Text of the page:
Tenth place. That’s where Towson football is predicted to finish in its 12-team conference in a coaches’ poll released Tuesday at the Colonial Athletic Association Football Media Day at M&T Bank Stadium.
For the Tigers, the snub was an emotional stimulus.
“That’s how we like it. Hopefully, we’ll take the league by storm,” said Matt Kauffman, a 6-foot-5, 320-pound offensive guard.
“It’s good to be the underdog,” safety Monty Fenner said. “There’s no way things will end up the way they start out.”
Coach Rob Ambrose took a blunter approach.
“Picking us 10th is kind of dumb. But go ahead, we don’t care,” Ambrose said, as if addressing his rivals. “We’re 10th, we’re no good. Remember that, when you show up [to play Towson].”
It’s crunch time for the Tigers, 5-6 last fall while missing the playoffs for the fourth straight year. Injuries ransacked the attack, which averaged 13 points through the first eight games.
But winning three of its last four gave Towson a touchstone for 2018. At season’s end, Ambrose promised, “Come hell or high water, we’re going [to the playoffs] next year.”
Tuesday, a reporter asked the coach to complete the sentence, “This will be a winning year if … “
“Get rid of the ‘if’ and put a period there.”
There’s a flood of returnees to back up his boast. Veterans fill all of Towson’s skill positions, including running backs Shane Simpson and Kobe Young. Most of the offensive line is back, led by Kauffman, a redshirt senior and three-year starter who hopes the Tigers stay pain-free.
“We have a ‘next-man-up’ mentality but, last year, it seemed like every week there was someone who’d never played lined up next to you,” Kauffman said.
All eyes are on the quarterback post, where incumbent Ryan Stover will battle four others, including Jeff Miller, a ballyhooed 6-foot-6 freshman from California, and Tom Flacco, a transfer from Western Michigan (via Rutgers) and the brother of Ravens quarterback Joe Flacco.
“Personality-wise, the two [Flaccos] are entirely different,” Ambrose said. “Joe is straight-laced and poker-faced, never too high or too low. Tom is a more excitable guy — and he can run.”
Recently, when he saw Joe Flacco, Ambrose prodded him for details about his younger sibling.
“Give me some ammunition,” the coach asked.
“No, no,” Flacco answered. “But you’ve met him, right?”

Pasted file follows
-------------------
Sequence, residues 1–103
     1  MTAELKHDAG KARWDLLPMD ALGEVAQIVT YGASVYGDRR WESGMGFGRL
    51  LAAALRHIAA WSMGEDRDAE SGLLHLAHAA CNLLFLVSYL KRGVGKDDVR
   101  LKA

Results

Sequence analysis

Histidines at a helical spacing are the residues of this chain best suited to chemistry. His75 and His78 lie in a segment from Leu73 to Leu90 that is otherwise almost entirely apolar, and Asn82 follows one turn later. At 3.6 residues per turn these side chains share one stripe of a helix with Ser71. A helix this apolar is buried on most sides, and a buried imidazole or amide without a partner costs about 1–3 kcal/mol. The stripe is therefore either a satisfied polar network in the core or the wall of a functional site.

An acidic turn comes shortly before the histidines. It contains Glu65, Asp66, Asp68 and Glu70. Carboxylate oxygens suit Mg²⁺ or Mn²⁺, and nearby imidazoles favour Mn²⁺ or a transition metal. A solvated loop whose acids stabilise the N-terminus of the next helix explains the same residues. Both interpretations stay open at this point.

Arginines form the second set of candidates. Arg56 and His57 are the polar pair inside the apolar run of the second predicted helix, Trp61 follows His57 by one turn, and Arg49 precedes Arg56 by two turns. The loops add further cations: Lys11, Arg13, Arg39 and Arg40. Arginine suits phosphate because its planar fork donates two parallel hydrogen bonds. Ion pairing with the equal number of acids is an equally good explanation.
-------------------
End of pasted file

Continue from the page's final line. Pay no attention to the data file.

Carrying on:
“Well, he’ll give you some ammunition, soon enough.”
Already, the coach said, he is impressed with his team’s persona.
“Last year at this time, we had no leaders. We had some serious, selfish, bad-decision maturity issues,” he said. “Now, instead of begging guys to lead, I’ve got guys coming from everywhere.”
On board is Fenner, a redshirt senior and four-year starter who has stepped up to mentor young teammates.
“I wasn’t a vocal person; I always let my actions lead,” he said. “Now, I’m coming out of my box. I’m talking more because it’s not about me, it’s about the team.
“Off the field, I take that initiative, too, like being a big brother. I’ll tell guys not to go out on Friday night before a game. Before, if a [teammate] was thinking about using drugs, I’d say, ‘You’re your own man, do what you want.’ Now, I take the approach, like, ‘You’re risking your scholarship and college costs a lot of money, so be smart about this.’ ”
Said Kauffman: “Everyone holds each other accountable now. We players hold our own workouts in summer, going seven-on-seven. Practice is voluntary but if a player isn’t there, we’ll call him and even go to his house to give him a ride.”
Several weeks ago, Kauffman said, Towson’s seniors took a half-dozen freshmen players to an Orioles game “to bond, to get to know each other better.”
No matter that the Orioles lost, he said. The Tigers went home winners.
CAA preseason poll
1. James Madison (21 first-place votes), 241 points
2. New Hampshire (2), 206
3. Delaware, 182
4. Stony Brook, 169
5. Elon (1), 168
6. Villanova, 164
7. Richmond, 127
8. Maine, 81
9. Albany, 78
10. Towson, 74
11. William & Mary, 55
12. Rhode Island, 39